certainly in his favour; but as for the esteem of the others,         much further than your candour. But why should you dis-
it is a reproach in itself. Who would submit to the indignity         like him?’
of being approved by such a woman as Lady Middleton and                  ‘I do not dislike him. I consider him, on the contrary, as a
Mrs. Jennings, that could command the indifference of any             very respectable man, who has every body’s good word, and
body else?’                                                           nobody’s notice; who, has more money than he can spend,
    ‘But perhaps the abuse of such people as yourself and             more time than he knows how to employ, and two new coats
Marianne will make amends for the regard of Lady Middle-              every year.’

0                                            Sense and Sensibility   Free eBooks at Planet eBook.com                              1
    ‘Add to which,’ cried Marianne, ‘that he has neither
genius, taste, nor spirit. That his understanding has no bril-      Chapter 11
liancy, his feelings no ardour, and his voice no expression.’
    ‘You decide on his imperfections so much in the mass,’
replied Elinor, ‘and so much on the strength of your own
imagination, that the commendation I am able to give of
him is comparatively cold and insipid. I can only pronounce
him to be a sensible man, well-bred, well-informed, of gen-
                                                                    L    ittle had Mrs. Dashwood or her daughters imagined
                                                                         when they first came into Devonshire, that so many
                                                                    engagements would arise to occupy their time as shortly
tle address, and, I believe, possessing an amiable heart.’          presented themselves, or that they should have such fre-
    ‘Miss Dashwood,’ cried Willoughby, ‘you are now using           quent invitations and such constant visitors as to leave them
me unkindly. You are endeavouring to disarm me by rea-              little leisure for serious employment. Yet such was the case.
son, and to convince me against my will. But it will not do.        When Marianne was recovered, the schemes of amusement
You shall find me as stubborn as you can be artful. I have          at home and abroad, which Sir John had been previously
three unanswerable reasons for disliking Colonel Brandon;           forming, were put into execution. The private balls at the
he threatened me with rain when I wanted it to be fine; he          park then began; and parties on the water were made and
has found fault with the hanging of my curricle, and I can-         accomplished as often as a showery October would allow.
not persuade him to buy my brown mare. If it will be any            In every meeting of the kind Willoughby was included;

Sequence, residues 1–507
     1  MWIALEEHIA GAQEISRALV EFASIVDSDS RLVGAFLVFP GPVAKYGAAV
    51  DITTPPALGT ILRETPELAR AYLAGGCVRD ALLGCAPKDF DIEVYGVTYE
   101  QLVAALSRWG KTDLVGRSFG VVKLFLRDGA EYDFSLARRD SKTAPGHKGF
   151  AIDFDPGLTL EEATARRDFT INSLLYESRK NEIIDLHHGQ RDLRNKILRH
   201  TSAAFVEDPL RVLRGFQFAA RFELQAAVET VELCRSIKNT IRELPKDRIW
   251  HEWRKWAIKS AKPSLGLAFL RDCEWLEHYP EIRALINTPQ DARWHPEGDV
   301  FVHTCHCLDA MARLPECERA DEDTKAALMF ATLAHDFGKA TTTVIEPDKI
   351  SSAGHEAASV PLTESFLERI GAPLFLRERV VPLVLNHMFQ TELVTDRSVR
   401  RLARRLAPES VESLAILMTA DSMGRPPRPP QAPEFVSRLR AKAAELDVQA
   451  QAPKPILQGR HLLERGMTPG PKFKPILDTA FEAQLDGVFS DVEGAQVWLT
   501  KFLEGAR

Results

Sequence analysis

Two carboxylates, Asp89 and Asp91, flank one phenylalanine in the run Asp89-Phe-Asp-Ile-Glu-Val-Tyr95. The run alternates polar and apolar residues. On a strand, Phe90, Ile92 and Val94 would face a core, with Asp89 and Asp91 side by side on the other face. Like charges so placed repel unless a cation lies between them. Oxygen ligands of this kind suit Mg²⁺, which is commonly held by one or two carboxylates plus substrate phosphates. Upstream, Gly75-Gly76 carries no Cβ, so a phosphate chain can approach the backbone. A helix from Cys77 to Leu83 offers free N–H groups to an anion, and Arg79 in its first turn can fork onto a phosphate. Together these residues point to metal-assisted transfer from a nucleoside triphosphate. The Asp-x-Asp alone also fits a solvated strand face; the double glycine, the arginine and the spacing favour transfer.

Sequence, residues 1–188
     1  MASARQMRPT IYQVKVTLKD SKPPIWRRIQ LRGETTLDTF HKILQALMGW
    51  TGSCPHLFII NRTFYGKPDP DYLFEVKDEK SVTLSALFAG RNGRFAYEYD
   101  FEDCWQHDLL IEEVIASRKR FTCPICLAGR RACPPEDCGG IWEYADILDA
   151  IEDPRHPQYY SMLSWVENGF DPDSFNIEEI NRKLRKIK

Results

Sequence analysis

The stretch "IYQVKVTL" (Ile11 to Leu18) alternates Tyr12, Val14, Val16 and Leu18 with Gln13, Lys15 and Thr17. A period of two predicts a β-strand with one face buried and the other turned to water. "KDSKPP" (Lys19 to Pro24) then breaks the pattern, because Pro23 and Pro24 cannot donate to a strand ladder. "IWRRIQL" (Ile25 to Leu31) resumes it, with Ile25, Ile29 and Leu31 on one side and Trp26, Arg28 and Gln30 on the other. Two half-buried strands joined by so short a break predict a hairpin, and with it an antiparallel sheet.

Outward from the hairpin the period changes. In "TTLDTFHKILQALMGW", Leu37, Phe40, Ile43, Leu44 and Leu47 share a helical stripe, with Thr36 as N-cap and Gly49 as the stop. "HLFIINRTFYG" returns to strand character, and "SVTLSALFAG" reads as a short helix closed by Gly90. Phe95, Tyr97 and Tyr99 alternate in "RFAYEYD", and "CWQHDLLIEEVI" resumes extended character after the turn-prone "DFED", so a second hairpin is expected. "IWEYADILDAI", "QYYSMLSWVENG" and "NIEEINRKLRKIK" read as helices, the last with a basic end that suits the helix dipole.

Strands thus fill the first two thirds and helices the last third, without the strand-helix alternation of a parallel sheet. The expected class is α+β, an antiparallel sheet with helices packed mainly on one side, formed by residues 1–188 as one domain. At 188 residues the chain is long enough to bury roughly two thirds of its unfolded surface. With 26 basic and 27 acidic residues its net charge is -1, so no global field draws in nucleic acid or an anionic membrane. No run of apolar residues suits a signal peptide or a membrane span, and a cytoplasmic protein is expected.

satisfaction to you, however, to be told, that I believe his        and the ease and familiarity which naturally attended these
character to be in other respects irreproachable, I am ready        parties were exactly calculated to give increasing intima-
to confess it. And in return for an acknowledgment, which           cy to his acquaintance with the Dashwoods, to afford him
must give me some pain, you cannot deny me the privilege            opportunity of witnessing the excellencies of Marianne, of
of disliking him as much as ever.’                                  marking his animated admiration of her, and of receiving,
                                                                    in her behaviour to himself, the most pointed assurance of
                                                                    her affection.
                                                                        Elinor could not be surprised at their attachment. She
                                                                    only wished that it were less openly shewn; and once or
                                                                    twice did venture to suggest the propriety of some self-com-
                                                                    mand to Marianne. But Marianne abhorred all concealment
                                                                    where no real disgrace could attend unreserve; and to aim

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at the restraint of sentiments which were not in themselves         so pure. They afforded her no companion that could make
illaudable, appeared to her not merely an unnecessary               amends for what she had left behind, nor that could teach
effort, but a disgraceful subjection of reason to common-           her to think of Norland with less regret than ever. Neither
place and mistaken notions. Willoughby thought the same;            Lady Middleton nor Mrs. Jennings could supply to her the
and their behaviour at all times, was an illustration of their      conversation she missed; although the latter was an ever-
opinions.                                                           lasting talker, and from the first had regarded her with a
    When he was present she had no eyes for any one else.           kindness which ensured her a large share of her discourse.